Apple unveiled the redesigned 12-inch Retina MacBook at an event last month, although 9to5Mac gave you an early look at the device’s features and design back in January. The 12-inch Retina MacBook will be available from Apple online and in-stores on April 10th. The device starts at $1299 for the baseline model with a 1.1GHz processor and 256GB of storage. For $1599 you can get the slightly faster 1.2GHz model with 512GB of storage. Both models feature 8GB of RAM.
Filed under: Mac Tagged: 12" MacBook, 12-inch MacBook, Apple, benchmark, Geekbench, MacBook, Retina MacBook
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Apple is asking TV networks to handle the responsibility and cost of the streaming infrastructure associated with its Web video service, industry executives say. That issue is one of many unresolved questions about the proposed service, which Apple would like to launch next fall but can't until it lines up programming deals.Negotiations for the streaming service are reportedly being conducted by iTunes chief Eddy Cue, who has told networks and potential partners that Apple wants to concentrate on software and hardware, areas where it excels, while leaving infrastructure concerns in the hands of people who are better suited to handle it.
According to Re/code, the request isn't unusual because content that users stream from existing Apple TV channels and iOS apps is handled by the networks that provide the content, through partnerships with content delivery networks like EdgeCast. Though streaming services aren't overly expensive, at approximately 5 cents per hour per stream, the idea of dealing with the demand of an Apple television service available to millions has "given executives pause."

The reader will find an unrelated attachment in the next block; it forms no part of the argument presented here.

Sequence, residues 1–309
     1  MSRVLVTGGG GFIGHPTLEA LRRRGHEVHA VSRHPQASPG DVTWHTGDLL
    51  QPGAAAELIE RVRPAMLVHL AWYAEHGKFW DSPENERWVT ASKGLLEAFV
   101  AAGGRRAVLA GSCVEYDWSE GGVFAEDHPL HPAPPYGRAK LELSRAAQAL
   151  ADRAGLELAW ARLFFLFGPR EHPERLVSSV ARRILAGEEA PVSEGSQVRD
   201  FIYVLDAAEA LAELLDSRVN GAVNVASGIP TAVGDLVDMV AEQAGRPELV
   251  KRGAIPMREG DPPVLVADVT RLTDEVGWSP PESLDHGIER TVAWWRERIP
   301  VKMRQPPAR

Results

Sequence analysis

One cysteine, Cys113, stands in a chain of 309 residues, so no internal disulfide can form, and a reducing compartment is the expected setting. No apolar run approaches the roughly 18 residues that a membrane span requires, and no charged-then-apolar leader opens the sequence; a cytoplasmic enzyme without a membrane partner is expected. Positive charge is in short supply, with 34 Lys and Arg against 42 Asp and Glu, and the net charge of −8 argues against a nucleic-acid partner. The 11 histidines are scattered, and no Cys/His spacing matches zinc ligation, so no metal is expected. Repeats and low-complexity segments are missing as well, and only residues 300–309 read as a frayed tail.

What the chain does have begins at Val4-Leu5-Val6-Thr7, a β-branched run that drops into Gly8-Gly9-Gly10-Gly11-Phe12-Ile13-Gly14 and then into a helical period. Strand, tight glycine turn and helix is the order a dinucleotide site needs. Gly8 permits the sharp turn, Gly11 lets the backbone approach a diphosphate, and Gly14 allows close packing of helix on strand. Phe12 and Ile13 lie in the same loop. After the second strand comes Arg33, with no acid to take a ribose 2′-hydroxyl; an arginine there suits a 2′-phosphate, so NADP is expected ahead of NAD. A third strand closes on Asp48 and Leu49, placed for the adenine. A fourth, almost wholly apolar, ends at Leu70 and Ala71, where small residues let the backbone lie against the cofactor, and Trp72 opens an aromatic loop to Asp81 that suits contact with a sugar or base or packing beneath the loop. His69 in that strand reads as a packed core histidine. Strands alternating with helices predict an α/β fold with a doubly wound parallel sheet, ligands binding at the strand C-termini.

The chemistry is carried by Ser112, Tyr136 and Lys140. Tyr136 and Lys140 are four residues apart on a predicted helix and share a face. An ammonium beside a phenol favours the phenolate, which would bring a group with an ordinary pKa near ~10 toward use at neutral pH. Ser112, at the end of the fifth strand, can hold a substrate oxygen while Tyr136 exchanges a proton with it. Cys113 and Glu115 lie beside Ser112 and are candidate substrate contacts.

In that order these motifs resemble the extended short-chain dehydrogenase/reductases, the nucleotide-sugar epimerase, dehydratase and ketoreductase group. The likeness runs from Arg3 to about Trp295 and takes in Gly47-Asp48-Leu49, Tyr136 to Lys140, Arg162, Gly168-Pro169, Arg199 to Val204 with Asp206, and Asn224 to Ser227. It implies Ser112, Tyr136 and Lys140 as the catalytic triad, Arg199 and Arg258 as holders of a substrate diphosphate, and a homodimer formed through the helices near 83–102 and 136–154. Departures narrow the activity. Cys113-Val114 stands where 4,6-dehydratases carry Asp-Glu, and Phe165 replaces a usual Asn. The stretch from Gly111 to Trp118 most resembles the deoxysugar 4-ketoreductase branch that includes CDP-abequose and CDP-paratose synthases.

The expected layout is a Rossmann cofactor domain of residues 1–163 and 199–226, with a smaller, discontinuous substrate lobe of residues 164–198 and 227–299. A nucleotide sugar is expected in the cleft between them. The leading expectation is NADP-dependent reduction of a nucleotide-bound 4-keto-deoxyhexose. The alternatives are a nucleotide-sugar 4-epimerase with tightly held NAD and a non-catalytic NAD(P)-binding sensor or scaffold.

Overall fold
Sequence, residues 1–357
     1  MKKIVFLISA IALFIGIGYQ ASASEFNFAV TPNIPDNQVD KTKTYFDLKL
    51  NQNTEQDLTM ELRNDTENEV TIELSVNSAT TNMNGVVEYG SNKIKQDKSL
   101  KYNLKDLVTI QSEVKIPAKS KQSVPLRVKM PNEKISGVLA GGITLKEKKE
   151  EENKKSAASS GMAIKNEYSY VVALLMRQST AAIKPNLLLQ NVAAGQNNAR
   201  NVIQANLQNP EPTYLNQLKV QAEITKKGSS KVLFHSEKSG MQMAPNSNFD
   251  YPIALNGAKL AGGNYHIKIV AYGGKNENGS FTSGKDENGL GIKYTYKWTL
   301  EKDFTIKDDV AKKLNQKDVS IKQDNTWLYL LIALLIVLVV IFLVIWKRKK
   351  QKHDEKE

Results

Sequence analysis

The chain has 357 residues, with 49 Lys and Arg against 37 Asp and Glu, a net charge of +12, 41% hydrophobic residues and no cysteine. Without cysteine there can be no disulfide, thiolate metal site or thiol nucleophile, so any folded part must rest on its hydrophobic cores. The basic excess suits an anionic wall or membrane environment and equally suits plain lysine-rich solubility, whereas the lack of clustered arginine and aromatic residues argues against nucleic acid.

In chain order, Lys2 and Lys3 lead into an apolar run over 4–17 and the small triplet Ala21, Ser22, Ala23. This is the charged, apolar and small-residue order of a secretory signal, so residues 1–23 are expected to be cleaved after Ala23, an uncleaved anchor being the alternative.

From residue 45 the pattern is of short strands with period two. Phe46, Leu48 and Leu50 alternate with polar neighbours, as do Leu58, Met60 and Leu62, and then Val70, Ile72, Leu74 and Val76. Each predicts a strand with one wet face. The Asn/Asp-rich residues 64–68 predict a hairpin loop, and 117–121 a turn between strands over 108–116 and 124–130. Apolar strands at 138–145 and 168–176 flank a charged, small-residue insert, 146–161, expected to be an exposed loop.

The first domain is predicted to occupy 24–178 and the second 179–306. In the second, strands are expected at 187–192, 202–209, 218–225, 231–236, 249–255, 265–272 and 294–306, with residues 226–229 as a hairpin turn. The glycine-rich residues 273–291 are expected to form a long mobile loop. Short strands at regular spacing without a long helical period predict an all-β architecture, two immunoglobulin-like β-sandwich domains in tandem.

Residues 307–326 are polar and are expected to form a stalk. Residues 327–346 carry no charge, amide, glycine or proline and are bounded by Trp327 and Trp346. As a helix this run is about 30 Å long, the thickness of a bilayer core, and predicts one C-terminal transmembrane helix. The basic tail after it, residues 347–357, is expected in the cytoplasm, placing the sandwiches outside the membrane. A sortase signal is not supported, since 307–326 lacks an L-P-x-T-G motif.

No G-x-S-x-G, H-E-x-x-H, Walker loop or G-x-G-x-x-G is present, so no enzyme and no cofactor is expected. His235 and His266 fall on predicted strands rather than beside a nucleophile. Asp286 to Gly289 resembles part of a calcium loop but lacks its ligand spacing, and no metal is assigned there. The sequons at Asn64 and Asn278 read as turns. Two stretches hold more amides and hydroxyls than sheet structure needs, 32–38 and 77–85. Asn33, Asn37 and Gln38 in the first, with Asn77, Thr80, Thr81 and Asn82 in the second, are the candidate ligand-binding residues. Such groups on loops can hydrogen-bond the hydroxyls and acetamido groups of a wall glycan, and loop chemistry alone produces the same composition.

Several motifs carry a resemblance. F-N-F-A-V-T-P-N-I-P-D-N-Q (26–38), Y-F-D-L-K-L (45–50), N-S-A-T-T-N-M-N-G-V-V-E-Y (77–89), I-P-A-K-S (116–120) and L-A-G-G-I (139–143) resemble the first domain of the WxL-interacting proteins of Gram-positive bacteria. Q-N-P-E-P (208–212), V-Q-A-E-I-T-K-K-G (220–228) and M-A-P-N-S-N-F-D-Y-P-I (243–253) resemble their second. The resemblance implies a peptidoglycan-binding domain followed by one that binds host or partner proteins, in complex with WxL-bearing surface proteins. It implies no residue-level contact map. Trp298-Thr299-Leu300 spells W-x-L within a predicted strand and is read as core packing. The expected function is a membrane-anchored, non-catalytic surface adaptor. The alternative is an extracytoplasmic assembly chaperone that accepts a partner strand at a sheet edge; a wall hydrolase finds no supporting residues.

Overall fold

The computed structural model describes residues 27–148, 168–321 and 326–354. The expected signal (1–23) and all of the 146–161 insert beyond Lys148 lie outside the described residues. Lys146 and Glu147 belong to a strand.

In addition to leaving infrastructure concerns to those with more experience, a source that spoke to Re/code believes that it's also possible Apple is hoping that if programmers provide the streams, Internet providers like Comcast and Verizon will be less likely to "penalize Apple's service."
Apple is rumored to be working with several partners on its upcoming streaming service, including CBS, ABC, Fox, Discovery, Disney, and Viacom. It may include around 25 channels, and pricing is said to be in the range of $30 to $40. The streaming service may make its debut in June at the 2015 Worldwide Developers Conference ahead of a fall launch.
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After downloading the app, anyone can begin a Riff video by shooting a clip and giving it a topic. From there, your friends will get a notification to watch what's been uploaded already and an invite to add their own clips to the topic, building on the video. As the video is passed along and more people add to it, it gets longer and longer.
Video must be shot within the Riff app, as there are no uploading tools, and to encourage people to submit their own videos to contribute, there's no liking or commenting. Because some of the Riffs can get long, there are fast forwarding tools, and original Riff creators can moderate new clips to delete portions of the video if necessary.